Latest posts by Dr. Jason Leyendecker (see all)
- Getting Your Hearing Checked - January 22, 2020
- Talking about Hearing Loss: Why Your Disclosure Method Matters - December 27, 2019
- All About Tinnitus - December 19, 2019
Do you have a loved one who’s struggling to hear? Are they reticent to admit to their hearing loss, and deny that they’re not hearing clearly? As you’ve discovered, hearing loss affects not only the person who’s hard of hearing, but their friends and loved ones as well. If your loved one has never taken a hearing test, here are some tips to follow when encouraging them to take a hearing test.
Know the Facts
Approaching your loved one about their hearing loss can be challenging. They may not want to talk about their hearing loss or think it’s not a big deal. Before you start a conversation with your loved one about their hearing loss, make sure you know the facts. Nearly 40 million Americans of all ages have hearing loss, and the risk of hearing loss increases with age. If your loved one is over the age of 65, there’s a 50% chance they have hearing loss.
Living with untreated hearing loss has a lot of negative outcomes, and if your loved ones doesn’t treat their hearing loss, they’ll face social isolation, loneliness, or even depression. Those with untreated hearing loss also experience more rapid cognitive decline, suffer from more injuries, have higher doctor’s bills, and risk an earlier onset of dementia or Alzheimer’s Disease.
Starting the Conversation
Ready to talk to your loved one about their hearing loss? It’s important to make sure they know you’re on the same team, and that you’re on their side. You’re not blaming them for anything, and you want to work together to find a solution. Start with “I” statements, and tell them what you’ve noticed. For example, you can say “I’ve noticed that you didn’t hear the phone ringing yesterday” or “I’ve seen that you turn up the volume on the TV.” This will help your loved one feel safe, and know you’re not attacking them. Point out the tell-tale signs of hearing loss, such as struggling to follow conversations, asking people to repeat themselves, and straining to hear on the phone.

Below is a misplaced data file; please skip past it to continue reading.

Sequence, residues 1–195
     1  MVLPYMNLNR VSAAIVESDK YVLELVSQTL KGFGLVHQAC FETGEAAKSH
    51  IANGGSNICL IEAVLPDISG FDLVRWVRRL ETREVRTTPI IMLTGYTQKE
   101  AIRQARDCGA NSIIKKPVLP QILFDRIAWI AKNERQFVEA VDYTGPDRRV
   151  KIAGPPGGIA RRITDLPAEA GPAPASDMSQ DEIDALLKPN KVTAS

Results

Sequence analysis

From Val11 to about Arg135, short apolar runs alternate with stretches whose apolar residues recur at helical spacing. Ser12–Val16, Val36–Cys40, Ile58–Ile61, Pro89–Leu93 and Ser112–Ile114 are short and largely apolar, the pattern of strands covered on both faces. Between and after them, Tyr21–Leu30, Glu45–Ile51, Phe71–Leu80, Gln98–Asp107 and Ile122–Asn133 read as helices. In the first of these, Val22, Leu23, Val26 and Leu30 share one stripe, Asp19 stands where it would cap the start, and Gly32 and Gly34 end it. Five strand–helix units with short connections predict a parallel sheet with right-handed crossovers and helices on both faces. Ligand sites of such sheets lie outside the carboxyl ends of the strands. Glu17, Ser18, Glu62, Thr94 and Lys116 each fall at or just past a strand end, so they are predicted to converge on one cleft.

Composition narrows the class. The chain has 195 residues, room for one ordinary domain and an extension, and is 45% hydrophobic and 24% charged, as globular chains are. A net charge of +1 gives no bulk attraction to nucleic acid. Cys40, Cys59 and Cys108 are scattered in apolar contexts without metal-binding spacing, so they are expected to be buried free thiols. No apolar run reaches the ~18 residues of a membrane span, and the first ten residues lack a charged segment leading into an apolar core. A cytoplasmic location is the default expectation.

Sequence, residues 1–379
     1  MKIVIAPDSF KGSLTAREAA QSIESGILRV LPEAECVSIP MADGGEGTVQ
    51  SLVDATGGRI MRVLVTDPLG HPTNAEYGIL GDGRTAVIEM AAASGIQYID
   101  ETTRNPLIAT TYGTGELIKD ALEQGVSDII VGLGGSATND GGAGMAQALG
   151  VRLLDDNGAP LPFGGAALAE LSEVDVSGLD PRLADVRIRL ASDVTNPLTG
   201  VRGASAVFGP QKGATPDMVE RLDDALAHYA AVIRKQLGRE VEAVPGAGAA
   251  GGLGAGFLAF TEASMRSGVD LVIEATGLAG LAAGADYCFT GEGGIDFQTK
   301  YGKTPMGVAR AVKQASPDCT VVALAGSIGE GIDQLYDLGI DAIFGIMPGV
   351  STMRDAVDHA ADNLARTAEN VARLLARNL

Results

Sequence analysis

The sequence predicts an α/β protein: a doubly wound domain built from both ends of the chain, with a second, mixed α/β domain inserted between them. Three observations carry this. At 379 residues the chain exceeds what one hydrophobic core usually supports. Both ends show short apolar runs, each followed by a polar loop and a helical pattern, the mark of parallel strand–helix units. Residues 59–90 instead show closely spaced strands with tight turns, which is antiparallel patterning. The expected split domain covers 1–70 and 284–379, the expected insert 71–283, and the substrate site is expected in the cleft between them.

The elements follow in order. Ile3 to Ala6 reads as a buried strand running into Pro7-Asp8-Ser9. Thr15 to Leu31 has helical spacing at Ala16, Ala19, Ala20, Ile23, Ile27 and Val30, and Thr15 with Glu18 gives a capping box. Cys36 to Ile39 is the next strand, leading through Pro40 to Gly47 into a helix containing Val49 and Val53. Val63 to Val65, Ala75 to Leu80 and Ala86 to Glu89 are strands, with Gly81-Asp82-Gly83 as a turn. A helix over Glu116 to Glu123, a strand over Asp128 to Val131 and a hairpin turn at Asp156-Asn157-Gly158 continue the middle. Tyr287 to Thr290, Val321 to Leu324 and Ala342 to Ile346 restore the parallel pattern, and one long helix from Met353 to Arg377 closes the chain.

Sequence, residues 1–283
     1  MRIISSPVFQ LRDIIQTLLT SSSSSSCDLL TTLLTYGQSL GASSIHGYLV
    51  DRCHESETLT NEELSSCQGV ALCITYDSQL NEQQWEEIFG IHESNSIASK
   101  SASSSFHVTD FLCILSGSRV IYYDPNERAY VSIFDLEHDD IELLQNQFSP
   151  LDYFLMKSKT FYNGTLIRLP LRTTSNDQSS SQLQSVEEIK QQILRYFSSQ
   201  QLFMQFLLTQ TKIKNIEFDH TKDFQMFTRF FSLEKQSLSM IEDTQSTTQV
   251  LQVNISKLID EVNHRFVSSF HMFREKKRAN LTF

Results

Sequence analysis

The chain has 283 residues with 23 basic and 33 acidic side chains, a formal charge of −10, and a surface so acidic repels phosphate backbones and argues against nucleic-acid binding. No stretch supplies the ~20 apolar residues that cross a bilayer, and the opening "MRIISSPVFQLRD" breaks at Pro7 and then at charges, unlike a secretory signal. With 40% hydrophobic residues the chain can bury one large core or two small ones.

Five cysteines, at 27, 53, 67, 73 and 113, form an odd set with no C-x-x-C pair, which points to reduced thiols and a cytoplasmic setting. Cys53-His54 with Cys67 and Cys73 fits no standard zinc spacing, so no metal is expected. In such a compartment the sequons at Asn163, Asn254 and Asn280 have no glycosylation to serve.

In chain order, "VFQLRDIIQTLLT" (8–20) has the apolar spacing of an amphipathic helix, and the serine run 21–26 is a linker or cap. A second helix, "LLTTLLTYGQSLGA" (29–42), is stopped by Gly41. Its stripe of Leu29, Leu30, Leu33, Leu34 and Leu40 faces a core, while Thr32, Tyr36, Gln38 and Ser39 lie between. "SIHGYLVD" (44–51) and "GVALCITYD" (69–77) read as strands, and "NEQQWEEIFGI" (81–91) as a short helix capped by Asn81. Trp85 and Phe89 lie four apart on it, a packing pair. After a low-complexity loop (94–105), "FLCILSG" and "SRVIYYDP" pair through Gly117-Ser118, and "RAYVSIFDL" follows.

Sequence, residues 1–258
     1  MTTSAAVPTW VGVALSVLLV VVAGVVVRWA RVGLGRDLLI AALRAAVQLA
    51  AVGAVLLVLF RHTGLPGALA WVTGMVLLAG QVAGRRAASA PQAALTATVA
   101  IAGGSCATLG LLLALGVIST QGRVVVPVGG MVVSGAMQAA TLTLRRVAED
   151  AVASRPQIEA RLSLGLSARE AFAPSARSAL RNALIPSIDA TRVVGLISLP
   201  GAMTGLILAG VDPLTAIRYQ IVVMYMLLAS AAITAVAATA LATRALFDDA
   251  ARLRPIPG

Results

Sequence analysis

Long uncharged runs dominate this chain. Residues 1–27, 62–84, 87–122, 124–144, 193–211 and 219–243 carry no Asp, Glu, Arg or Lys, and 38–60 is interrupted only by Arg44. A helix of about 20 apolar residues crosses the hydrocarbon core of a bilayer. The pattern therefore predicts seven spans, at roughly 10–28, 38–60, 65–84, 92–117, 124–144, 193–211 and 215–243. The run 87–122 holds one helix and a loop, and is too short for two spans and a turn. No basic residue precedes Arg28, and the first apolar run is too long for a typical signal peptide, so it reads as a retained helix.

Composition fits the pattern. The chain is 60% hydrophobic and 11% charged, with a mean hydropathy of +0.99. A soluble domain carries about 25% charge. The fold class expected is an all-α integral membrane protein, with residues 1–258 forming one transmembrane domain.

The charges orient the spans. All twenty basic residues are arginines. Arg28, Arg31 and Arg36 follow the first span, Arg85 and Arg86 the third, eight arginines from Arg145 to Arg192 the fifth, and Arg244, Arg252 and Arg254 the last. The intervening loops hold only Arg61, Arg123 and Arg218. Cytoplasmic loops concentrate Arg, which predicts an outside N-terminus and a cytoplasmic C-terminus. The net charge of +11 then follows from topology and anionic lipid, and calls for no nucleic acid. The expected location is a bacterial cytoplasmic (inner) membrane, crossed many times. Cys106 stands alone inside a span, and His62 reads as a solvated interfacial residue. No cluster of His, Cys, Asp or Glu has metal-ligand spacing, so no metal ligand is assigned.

Your loved one may get defensive and blame others, saying that if everyone would stop mumbling or speak louder, they’d be able to hear. Be gentle with your loved one, and point out that if everyone seems to be mumbling, maybe the others are not the problem, but the problem is with your loved one’s ears. Remind your loved one how much you care about them, and how you want them to enjoy easy communication and a great quality of life. With your support, they’ll be ready to talk about their hearing loss.
Find a Friend with Hearing Loss
It’s likely that you know someone else with hearing loss. Ask your friend to speak to your loved one. Finding a role model, or someone who’s gone through the steps to treating their hearing loss can reassure your loved one. They’ll also be able to relate to your loved one’s experiences with hearing loss, and encourage them to seek treatment and get their hearing back.
Accompany your Loved One to the Hearing Test
Is your loved one ready to take a hearing test, and start their journey to clear hearing? Offer to accompany your loved one to the hearing test. They’ll appreciate the support and encouragement, and feel more confident in going to the appointment with someone. Not only that, but two heads are better than one, and your loved one will get more out of the appointment if you’re both there listening and asking questions. Take a note pad along, and take notes during the appointment. You can discuss the results of the hearing test at home, and together make a great decision on the best treatment options for your loves one’s hearing loss.
At Audiology Concepts, we’re happy to welcome both you and your loved one to the hearing test. The comprehensive test includes a visual exam to check for any signs of damage to the ear or blockage in the ear canal. We’ll also ask a few questions about your medical history to make sure we’re not missing anything. Finally, we’ll test your loved one’s ability to hear high and low sounds, at both soft and loud volumes. Afterwards, you’ll be able to see exactly which sounds they can and can’t hear, and together we’ll find the perfect hearing aids that will match their unique hearing needs and lifestyle.